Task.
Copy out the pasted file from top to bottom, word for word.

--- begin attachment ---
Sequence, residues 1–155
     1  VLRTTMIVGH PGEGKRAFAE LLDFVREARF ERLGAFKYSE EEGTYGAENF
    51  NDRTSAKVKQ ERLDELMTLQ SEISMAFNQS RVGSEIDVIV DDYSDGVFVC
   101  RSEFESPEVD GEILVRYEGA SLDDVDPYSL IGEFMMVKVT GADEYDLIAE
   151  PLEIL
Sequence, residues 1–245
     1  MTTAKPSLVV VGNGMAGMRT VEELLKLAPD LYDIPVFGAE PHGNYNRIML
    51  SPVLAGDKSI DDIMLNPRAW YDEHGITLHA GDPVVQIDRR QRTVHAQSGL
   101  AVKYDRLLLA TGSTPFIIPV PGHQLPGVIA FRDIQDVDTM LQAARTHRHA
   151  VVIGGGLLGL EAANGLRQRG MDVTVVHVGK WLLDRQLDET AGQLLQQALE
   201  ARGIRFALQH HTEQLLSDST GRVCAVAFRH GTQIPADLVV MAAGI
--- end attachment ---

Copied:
Sequence, residues 1–155
     1  VLRTTMIVGH PGEGKRAFAE LLDFVREARF ERLGAFKYSE EEGTYGAENF
    51  NDRTSAKVKQ ERLDELMTLQ SEISMAFNQS RVGSEIDVIV DDYSDGVFVC
   101  RSEFESPEVD GEILVRYEGA SLDDVDPYSL IGEFMMVKVT GADEYDLIAE
   151  PLEIL
Sequence, residues 1–245
     1  MTTAKPSLVV VGNGMAGMRT VEELLKLAPD LYDIPVFGAE PHGNYNRIML
    51  SPVLAGDKSI DDIMLNPRAW YDEHGITLHA GDPVVQIDRR QRTVHAQSGL
   101  AVKYDRLLLA TGSTPFIIPV PGHQLPGVIA FRDIQDVDTM LQAARTHRHA
   151  VVIGGGLLGL EAANGLRQRG MDVTVVHVGK WLLDRQLDET AGQLLQQALE
   201  ARGIRFALQH HTEQLLSDST GRVCAVAFRH GTQIPADLVV MAAGI